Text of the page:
COLE Harry Wyatt

Known information

Private Harry Wyatt Cole was the son of Harry and Margaret Cole of Church Street, Langham. He was born on 17 November 1889, the youngest of four brothers who all served in the Army during the war. He worked for Lord Ranksborough, the Lord Lieutenant of Rutland, before moving to Sale, near Manchester where he became a waiter at the Brooklands Hotel. Harry had served for five years as a Territorial and joined the 21st Battalion Manchester Regiment on 19 November 1914. He went out to France on 9 November 1915. On the first day of the Battle of the Somme, the Manchesters were the reserve battalion of 91st Brigade which had the task of capturing Mametz after blowing a mine under the German front line. The attack went well and the village was captured. Harry was in D Company which at 3.50pm was ordered to support 2nd Battalion the Queen's (Royal West Surrey Regiment) in an attack on a German strongpoint known as Queen's Nullah. It was in this action that he was killed. According to George Phillips in Rutland and the Great War Harry died from a bullet in the heart, one of eight Rutland men killed that day. Like many others, he has no known grave and is remembered on the Thiepval Memorial, Pier 14C. He is also remembered on the war memorial at Langham.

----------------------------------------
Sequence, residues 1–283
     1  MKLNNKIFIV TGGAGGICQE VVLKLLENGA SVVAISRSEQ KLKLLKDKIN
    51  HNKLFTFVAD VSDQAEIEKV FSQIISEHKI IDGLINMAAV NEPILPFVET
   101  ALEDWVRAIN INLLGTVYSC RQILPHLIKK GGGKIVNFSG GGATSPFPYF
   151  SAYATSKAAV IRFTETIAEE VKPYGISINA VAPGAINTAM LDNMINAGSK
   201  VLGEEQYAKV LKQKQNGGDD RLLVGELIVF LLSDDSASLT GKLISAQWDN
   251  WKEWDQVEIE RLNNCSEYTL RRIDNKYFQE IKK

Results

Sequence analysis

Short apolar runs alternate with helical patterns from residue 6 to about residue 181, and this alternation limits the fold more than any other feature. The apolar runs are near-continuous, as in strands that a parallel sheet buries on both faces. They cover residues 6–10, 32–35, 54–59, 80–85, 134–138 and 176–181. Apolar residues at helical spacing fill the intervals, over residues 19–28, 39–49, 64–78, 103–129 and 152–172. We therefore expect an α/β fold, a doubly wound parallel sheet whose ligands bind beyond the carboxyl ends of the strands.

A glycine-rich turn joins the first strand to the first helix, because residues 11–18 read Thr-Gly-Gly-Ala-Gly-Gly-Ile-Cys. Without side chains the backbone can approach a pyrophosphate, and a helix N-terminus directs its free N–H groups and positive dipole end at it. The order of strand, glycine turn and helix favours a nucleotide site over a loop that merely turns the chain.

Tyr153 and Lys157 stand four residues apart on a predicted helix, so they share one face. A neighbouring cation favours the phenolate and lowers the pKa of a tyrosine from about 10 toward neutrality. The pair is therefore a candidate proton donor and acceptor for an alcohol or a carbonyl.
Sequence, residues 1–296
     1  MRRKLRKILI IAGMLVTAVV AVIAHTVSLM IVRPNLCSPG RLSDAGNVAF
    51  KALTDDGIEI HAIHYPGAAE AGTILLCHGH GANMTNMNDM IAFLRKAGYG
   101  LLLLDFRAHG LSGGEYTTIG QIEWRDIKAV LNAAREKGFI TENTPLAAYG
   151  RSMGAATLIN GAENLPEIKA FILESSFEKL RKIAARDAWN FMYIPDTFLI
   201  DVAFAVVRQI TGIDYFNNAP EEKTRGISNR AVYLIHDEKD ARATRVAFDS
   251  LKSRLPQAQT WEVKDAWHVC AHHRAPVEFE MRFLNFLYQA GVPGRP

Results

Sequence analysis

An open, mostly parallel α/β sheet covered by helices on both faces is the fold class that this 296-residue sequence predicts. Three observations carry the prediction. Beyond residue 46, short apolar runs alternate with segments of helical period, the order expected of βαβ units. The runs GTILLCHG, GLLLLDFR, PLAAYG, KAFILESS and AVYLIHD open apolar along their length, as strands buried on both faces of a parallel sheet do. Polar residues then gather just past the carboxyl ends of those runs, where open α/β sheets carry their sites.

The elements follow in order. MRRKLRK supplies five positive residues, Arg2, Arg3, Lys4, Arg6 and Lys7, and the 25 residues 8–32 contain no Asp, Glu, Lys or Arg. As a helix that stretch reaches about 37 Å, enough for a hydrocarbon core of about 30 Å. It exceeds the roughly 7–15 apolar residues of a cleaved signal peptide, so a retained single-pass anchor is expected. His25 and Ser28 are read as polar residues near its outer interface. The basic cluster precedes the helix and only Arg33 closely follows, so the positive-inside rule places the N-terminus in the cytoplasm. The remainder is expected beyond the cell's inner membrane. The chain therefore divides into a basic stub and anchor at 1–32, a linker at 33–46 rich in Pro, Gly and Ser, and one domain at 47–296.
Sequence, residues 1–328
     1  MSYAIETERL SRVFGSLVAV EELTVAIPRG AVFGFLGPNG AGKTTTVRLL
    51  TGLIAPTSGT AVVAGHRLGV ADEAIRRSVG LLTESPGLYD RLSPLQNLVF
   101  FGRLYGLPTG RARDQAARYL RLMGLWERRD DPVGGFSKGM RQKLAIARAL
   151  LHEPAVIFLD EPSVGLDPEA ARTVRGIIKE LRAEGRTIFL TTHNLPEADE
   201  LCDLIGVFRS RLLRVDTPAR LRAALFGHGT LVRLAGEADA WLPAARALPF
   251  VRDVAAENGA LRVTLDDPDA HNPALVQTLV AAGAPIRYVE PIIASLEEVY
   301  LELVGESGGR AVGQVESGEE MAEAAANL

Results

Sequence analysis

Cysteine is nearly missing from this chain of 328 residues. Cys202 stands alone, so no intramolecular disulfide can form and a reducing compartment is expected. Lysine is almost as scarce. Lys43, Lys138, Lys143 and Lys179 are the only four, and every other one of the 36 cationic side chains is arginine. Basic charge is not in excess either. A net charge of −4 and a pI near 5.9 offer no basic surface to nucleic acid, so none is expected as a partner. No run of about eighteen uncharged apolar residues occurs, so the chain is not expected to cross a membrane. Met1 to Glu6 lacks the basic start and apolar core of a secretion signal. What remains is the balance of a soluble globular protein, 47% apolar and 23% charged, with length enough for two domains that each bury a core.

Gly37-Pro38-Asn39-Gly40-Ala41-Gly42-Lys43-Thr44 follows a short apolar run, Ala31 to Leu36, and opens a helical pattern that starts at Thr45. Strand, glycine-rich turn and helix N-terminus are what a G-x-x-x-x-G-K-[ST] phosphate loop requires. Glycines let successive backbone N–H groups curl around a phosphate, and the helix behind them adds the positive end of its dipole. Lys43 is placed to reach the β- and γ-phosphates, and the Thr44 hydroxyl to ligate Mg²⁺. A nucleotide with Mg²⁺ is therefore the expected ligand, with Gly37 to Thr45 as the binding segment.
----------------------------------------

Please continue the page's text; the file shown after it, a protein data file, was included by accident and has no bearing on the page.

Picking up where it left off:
See where all our Rutland soldiers died during the Battle of the Somme on our interactive map.

Photograph courtesy Langham Village History Group

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  • Harry Wyatt COLE
  • Langham Church 1
  • Langham Memorial
  • Langham RR A-C
  • Thiepval Memorial
  • Pier 13a
  • H Cole

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Rutland and The Battle of the Somme

More than 90 Rutland soldiers died in the Battle of the Somme which lasted from 1 July 1916 until the middle of November. Today they lie in cemeteries across the old battlefield in northern France or are remembered among the 72,000 names on the Thiepval Memorial to the Missing of the Somme. By using our interactive map, you can find out what happened to them.

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